Nursing Associates

Nursing Associates: who are they?

Nursing associate is a new role within the nursing team. Nursing associates work with healthcare support workers and registered nurses to deliver care for patients and the public. It is also a stepping stone to becoming a registered nurse.

Working life 

Nursing associates work across all four fields of nursing: adult, children’s, mental health, and learning disability. Your skills and responsibilities will vary, depending on the care setting you work in. You’ll need to demonstrate the values and behaviours of the NHS Constitution.  

Your duties are likely to include:  

  • undertaking clinical tasks including venepuncture and ECGs 
  • supporting individuals and their families and carers when faced with unwelcome news and life-changing diagnoses 
  • performing and recording clinical observations such as blood pressure, temperature, respirations and pulse 
  • discussing and sharing information with registered nurses on a patients’ condition, behaviour, activity and responses  
  • ensuring the privacy, dignity and safety of individuals is maintained at all times 
  • recognising issues relating to safeguarding vulnerable children and adults  

Entry requirements 

To begin your training as a nursing associate, you’ll need GCSEs grade 9 to 4 (A to C) in maths and English, or Functional Skills Level 2 in maths and English. Some employers will also ask for a level 3 qualification. You'll also need to show that you can study for a foundation degree level and complete the Nursing Associate Apprenticeship programme.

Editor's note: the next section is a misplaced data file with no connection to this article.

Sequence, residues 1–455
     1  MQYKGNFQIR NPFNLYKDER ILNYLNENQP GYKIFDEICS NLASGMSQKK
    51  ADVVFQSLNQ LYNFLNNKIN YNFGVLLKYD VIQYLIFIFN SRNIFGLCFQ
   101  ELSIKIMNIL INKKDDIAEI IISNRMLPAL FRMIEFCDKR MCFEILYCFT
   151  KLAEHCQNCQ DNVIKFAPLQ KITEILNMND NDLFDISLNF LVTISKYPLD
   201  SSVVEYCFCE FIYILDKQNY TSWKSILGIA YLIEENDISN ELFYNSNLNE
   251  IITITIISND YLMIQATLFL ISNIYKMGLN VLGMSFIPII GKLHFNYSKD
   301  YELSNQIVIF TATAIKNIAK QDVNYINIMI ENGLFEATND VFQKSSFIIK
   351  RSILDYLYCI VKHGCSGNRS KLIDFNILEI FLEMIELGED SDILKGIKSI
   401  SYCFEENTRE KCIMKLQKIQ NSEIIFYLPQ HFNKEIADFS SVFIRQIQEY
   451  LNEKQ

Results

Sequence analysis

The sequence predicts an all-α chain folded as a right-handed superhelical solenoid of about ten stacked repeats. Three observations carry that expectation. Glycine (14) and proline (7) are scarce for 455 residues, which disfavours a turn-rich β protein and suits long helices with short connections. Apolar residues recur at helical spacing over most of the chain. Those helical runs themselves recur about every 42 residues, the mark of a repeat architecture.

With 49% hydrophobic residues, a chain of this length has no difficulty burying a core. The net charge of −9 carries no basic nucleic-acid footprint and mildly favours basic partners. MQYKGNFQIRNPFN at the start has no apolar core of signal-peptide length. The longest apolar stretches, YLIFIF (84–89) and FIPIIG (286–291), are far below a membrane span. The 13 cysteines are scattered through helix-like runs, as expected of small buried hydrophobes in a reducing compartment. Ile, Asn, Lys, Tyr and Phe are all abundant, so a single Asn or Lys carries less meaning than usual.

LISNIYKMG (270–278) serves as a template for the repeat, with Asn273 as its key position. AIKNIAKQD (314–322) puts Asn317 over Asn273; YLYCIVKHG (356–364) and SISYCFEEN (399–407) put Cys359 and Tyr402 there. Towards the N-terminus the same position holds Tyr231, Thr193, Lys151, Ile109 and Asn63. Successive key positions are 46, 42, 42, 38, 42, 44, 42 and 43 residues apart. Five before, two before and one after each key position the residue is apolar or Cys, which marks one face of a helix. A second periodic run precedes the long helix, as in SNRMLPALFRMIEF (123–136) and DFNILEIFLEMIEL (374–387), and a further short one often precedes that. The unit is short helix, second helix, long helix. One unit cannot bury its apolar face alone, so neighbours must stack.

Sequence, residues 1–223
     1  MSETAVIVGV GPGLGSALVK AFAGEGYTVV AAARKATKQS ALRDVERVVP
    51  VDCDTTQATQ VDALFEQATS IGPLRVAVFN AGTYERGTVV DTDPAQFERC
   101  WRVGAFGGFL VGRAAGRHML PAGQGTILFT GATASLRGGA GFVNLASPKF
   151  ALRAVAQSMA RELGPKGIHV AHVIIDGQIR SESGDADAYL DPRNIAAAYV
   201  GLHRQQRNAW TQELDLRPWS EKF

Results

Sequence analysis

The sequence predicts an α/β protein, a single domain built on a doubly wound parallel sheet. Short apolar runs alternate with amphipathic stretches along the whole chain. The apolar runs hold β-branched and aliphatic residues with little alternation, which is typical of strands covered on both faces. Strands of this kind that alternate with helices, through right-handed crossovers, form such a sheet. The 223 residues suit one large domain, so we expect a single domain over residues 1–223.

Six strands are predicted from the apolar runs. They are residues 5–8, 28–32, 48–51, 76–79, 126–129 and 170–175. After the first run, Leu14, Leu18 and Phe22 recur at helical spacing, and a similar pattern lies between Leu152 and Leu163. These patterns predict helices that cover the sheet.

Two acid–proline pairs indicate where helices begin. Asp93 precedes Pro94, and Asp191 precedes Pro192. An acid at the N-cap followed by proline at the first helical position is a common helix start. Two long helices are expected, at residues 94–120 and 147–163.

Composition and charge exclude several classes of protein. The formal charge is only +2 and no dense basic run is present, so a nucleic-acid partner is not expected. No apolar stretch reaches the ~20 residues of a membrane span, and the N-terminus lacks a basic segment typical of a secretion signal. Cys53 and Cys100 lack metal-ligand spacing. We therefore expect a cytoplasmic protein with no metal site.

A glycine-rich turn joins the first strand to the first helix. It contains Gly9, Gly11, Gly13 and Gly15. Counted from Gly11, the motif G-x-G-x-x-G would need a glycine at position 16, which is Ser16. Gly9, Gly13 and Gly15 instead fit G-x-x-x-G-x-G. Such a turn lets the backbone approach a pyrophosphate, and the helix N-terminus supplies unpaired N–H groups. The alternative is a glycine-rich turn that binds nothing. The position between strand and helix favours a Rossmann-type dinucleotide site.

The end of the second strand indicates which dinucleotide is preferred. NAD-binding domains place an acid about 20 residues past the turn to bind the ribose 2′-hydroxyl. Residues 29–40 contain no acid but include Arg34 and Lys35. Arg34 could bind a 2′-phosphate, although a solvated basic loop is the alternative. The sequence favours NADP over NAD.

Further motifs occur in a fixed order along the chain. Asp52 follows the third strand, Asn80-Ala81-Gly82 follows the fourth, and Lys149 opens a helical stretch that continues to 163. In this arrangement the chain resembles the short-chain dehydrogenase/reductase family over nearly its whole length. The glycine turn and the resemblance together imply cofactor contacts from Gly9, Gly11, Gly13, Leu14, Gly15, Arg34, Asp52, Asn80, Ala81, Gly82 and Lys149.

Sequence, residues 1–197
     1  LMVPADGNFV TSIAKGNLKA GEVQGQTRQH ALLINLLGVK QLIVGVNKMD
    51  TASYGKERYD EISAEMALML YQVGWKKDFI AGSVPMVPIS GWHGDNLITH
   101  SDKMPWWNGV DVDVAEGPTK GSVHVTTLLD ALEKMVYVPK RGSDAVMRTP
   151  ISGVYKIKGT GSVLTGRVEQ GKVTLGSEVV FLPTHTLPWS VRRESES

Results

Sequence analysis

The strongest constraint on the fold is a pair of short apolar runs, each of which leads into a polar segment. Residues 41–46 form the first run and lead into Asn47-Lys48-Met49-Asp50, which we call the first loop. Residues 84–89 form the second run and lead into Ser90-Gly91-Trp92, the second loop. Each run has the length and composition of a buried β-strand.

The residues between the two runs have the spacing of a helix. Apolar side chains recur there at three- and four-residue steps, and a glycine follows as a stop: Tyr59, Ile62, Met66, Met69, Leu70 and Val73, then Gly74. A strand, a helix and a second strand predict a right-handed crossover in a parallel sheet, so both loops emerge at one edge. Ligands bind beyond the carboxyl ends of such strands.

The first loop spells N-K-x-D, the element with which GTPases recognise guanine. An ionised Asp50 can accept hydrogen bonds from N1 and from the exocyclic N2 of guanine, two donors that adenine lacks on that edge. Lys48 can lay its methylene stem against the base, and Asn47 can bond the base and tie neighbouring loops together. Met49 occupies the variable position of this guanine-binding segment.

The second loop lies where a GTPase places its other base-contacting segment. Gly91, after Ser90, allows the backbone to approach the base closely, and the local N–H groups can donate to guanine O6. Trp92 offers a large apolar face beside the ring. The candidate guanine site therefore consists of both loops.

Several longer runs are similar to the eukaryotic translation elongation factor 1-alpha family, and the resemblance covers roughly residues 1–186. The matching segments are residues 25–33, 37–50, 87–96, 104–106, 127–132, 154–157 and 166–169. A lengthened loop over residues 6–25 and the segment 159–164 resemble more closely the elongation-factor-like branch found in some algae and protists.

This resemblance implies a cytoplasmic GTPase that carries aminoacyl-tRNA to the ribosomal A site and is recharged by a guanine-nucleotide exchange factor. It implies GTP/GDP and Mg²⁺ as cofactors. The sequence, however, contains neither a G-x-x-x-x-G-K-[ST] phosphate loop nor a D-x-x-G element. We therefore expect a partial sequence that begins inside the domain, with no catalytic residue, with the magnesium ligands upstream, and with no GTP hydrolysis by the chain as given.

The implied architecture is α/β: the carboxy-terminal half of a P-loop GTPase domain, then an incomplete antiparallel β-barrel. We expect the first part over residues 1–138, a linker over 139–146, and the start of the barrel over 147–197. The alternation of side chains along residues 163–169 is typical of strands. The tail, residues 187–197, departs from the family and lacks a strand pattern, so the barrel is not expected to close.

Trainee nursing associate places are usually advertised on NHS Jobs but some places are available through direct application to universities. Applicants accepted onto university courses will need to fund their own training.

Your training 

You'll undertake academic learning one day a week and work-based learning the rest of the week. You'll be employed in a healthcare setting such as an acute, community or mental health hospital, care home or hospice but also gain experience in other settings. This will mean travelling to placements and working a mix of shifts.  

It is very important to plan and manage the competing demands of your job role, study and placements. You'll develop an understanding of all elements of nursing and caring for individuals with conditions such as dementia, mental ill health and learning disabilities/difficulties.

Career development

Once you’ve finished your training, you’ll have the knowledge, understanding, skills, attitudes and behaviours to work as a nursing associate. Qualified nursing associates can also go on to train as a registered nurse by putting their training towards a shortened nursing degree or registered nurse degree apprenticeship (RNDA). 

Your nursing associate training may shorten a registered nurse degree apprenticeship to 2 years.   

To find out more about the apprenticeship route, including how to apply, speak with your line manager, education team or apprenticeship lead. Your employer may want you to complete a year working as a nursing associate before you progress to registered nurse training.